"Please ensure that there are arrangements in place to ensure that staff who are absent from the workplace without approval are not paid for the period of the absence. This circular applies to all public service departments."

Anyone who failed to show up at work for the day would be reported to management so their pay could be docked.

But the unions warned legal action could follow.

"These are the types of intimidatory tactics which the Howard government used against federal public servants," Unions NSW secretary John Robertson said.

"The Federal Court ruled these tactics were illegal."

Public Service Association (PSA) general secretary John Cahill wrote to Ms Kruk telling her to correct her original memo because it was based on a false premise that a general stop work had been called.

Wednesday, February 20, 2008


Landmark asbestos compo claim won

By Nicolas Perpitch, dtm

February 19, 2008 08:19pm

A PERTH motor mechanic has been awarded $840,000 compensation for exposure to asbestos in brake linings while working at two Ford car dealerships.

Antonino Lo Presti, 58, who suffers from serious fibrosis and requires constant oxygen assistance, has become the first mechanic in Australia to win a successful negligence verdict against a car company for exposure to asbestos.

His lawyer, Michael Magazanik from Slater and Gordon, said today's judgment in the Western Australian Supreme Court could open the way for thousands of other mechanics who suffer from asbestos related diseases.

"This decision will set a precedent because it's the first time a mechanic has succeeded against a car manufacturer in this country and there are literally thousands of mechanics who have been exposed to asbestos while working with brakes," he said.

Between 1970 and 1987 Mr Lo Presti used compressed air to blow out the brake drums and handle asbestos brake linings when brakes were serviced or changed.

"It would generate large amounts of dust containing asbestos which would blow up into my face and stick to my clothes and hair," Mr Lo Presti said in his witness statement to the court.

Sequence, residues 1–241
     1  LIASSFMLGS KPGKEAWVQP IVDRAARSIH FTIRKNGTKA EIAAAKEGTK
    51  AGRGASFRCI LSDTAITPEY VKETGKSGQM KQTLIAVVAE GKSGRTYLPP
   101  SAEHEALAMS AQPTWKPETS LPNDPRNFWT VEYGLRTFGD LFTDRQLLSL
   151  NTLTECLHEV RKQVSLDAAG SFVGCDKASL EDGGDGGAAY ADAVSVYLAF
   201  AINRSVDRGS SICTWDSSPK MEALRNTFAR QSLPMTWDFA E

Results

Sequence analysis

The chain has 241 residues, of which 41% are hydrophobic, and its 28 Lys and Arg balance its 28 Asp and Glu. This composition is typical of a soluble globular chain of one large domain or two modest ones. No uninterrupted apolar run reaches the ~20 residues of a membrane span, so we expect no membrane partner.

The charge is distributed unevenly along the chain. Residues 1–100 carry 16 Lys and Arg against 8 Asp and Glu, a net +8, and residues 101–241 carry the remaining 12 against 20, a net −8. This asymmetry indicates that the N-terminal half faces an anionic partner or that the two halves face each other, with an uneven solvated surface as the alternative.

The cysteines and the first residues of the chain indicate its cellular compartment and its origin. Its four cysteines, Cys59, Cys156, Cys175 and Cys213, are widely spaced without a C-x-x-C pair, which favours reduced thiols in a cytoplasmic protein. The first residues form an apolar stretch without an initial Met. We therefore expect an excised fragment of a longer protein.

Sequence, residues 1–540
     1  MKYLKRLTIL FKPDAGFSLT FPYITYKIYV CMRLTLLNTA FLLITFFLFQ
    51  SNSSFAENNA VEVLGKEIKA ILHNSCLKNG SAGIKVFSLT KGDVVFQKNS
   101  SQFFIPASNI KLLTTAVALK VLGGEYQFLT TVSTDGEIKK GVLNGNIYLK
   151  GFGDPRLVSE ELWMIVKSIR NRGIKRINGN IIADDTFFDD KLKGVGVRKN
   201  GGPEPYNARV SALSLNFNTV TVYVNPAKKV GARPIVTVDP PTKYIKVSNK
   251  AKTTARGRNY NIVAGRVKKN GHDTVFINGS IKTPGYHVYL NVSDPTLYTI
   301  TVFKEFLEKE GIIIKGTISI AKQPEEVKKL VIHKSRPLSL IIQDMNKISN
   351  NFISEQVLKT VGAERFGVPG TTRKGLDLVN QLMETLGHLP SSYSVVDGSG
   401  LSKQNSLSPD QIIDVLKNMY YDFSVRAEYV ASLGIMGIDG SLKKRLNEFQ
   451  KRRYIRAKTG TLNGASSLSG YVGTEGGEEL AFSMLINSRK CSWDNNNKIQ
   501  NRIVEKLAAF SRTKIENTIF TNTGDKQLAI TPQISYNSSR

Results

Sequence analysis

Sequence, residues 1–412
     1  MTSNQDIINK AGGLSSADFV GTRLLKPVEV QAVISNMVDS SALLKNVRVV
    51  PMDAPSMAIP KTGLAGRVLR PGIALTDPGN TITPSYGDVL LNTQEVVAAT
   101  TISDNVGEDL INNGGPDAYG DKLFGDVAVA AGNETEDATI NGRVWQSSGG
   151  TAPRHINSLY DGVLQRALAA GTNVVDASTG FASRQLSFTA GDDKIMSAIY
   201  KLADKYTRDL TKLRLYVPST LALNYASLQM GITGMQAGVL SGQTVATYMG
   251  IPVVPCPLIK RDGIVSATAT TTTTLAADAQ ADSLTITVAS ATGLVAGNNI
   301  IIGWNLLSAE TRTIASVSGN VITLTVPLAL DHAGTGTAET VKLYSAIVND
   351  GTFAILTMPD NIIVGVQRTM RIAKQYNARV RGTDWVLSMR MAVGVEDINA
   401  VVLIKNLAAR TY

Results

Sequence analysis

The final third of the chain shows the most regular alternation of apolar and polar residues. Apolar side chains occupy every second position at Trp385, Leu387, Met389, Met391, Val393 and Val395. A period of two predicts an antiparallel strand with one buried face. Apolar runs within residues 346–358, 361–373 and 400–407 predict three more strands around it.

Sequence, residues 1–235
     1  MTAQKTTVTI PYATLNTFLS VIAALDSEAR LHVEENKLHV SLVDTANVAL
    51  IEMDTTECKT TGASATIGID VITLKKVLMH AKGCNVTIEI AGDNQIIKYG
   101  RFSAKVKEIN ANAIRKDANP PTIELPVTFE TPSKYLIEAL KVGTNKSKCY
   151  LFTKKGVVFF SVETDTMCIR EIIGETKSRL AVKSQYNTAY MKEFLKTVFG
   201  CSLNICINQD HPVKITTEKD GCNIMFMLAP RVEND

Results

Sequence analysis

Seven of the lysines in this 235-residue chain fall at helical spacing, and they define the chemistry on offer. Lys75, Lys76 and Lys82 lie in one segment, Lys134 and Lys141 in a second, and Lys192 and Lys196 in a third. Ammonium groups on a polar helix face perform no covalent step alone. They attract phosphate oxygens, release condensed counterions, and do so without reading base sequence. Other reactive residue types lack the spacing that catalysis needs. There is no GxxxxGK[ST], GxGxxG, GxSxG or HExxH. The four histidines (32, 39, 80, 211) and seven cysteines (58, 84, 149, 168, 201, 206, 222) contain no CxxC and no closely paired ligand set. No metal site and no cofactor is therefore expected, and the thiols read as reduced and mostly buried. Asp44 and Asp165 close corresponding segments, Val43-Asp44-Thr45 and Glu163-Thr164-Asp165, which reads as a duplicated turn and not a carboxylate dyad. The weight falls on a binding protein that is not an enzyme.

"It would cause a cloud or haze in the air and fall down in the area where I was working."

The Sicilian-born Mr Lo Presti was diagnosed with asbestosis and pleural disease in July 2001.

But the Ford Motor Company of Australia argued it was not asbestosis but a pulmonary fibrosis of unknown cause.

Ford admitted it knew by 1970 that exposure to certain asbestos fibres could cause asbestos related diseases but denied it knew Mr Lo Presti's type of work could increase the risk.

Mr Lo Presti said while he worked for Ford he was not aware of the asbestos in the brake linings or the danger it posed.

Justice Andrew Beech today ruled Ford ought to have known that if no protective measures were taken the asbestos fibres released from the brake linings could cause life threatening injury.

Justice Beech said Ford owed its mechanics a duty of care and should have warned them of the dangers.

An emotional Mr Lo Presti today expressed his relief that the five years of courts battles were at an end.

"Now I can go on with my life," he tearfully said.

His wife, Connie Lo Presti, worked three jobs, seven days a week after he became sick and could not work.

She said she could now slow down and spend more time at home caring for her husband.

Asbestos Diseases Society of Australia president Robert Cojakozic said the matter should have been resolved earlier.

"He is at the end stage of a respiratory disease, he life is precarious. It could be a matter of months that Mr Lo Presti has got left," Mr Cojakozic said.

Ford was being sought for comment.


Red News Readers,

Cuba never was a socialist paradise but you have got to admire a man who lived to retire when the Americans for the last 50 years have spent a good part of that time trying to kill him, and overthrow the Cuban State. When you look at Cuba you can see old cars in the streets and old buildings but the children go to school and the health system functions for all. You don't see the chaos and decay of other Carribean, Latin American and South American countries that have been allies of the United States. Even if there were what George Bush calls free and fair elections, I wonder how Cubans would vote?

Jenny Haines

Castro declares his reign at an end

Latest related coverage
Bush welcomes Castro departure
Video: Castro steps down

GALLERY: Fidel Castro's 50 years of revolution
After half a century in power Fidel Castro steps down as Cuba's president.

February 20, 2008,smh

THE ailing Cuban leader Fidel Castro has announced he will not return to lead the country, retiring as head of state almost 50 years after he seized power in an armed revolution.

"I neither will aspire to nor will I accept - I repeat - I neither will aspire to nor will I accept, the position of president of the council of state and commander-in-chief," he wrote in a message published yesterday in the online version of the newspaper Granma.

Dr Castro, 81, is the world's longest-serving head of government and has been the leader of the Americas' only communist country since he seized power in a 1959 revolution. The only heads of state to have served longer are the King of Thailand, Bhumibol Adulyadej (since 1946) and the Queen, Elizabeth II, (since 1952).